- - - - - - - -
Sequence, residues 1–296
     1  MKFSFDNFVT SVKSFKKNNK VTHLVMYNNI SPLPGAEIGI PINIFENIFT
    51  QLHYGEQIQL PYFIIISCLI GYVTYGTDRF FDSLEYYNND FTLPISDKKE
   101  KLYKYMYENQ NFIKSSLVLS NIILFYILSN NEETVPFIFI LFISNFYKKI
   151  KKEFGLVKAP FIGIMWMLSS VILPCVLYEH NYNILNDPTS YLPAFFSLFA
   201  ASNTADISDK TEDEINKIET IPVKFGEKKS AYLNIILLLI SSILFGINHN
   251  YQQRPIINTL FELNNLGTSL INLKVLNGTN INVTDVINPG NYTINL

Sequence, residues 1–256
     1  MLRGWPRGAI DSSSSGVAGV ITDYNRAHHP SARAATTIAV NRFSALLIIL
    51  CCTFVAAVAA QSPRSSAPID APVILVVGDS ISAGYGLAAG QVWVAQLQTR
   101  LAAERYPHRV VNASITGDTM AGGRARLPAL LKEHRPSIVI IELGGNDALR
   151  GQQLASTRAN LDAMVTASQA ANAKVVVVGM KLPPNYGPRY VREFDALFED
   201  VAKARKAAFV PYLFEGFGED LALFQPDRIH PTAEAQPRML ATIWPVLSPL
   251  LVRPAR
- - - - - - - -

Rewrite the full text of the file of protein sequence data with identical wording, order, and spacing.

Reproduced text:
Sequence, residues 1–296
     1  MKFSFDNFVT SVKSFKKNNK VTHLVMYNNI SPLPGAEIGI PINIFENIFT
    51  QLHYGEQIQL PYFIIISCLI GYVTYGTDRF FDSLEYYNND FTLPISDKKE
   101  KLYKYMYENQ NFIKSSLVLS NIILFYILSN NEETVPFIFI LFISNFYKKI
   151  KKEFGLVKAP FIGIMWMLSS VILPCVLYEH NYNILNDPTS YLPAFFSLFA
   201  ASNTADISDK TEDEINKIET IPVKFGEKKS AYLNIILLLI SSILFGINHN
   251  YQQRPIINTL FELNNLGTSL INLKVLNGTN INVTDVINPG NYTINL

Sequence, residues 1–256
     1  MLRGWPRGAI DSSSSGVAGV ITDYNRAHHP SARAATTIAV NRFSALLIIL
    51  CCTFVAAVAA QSPRSSAPID APVILVVGDS ISAGYGLAAG QVWVAQLQTR
   101  LAAERYPHRV VNASITGDTM AGGRARLPAL LKEHRPSIVI IELGGNDALR
   151  GQQLASTRAN LDAMVTASQA ANAKVVVVGM KLPPNYGPRY VREFDALFED
   201  VAKARKAAFV PYLFEGFGED LALFQPDRIH PTAEAQPRML ATIWPVLSPL
   251  LVRPAR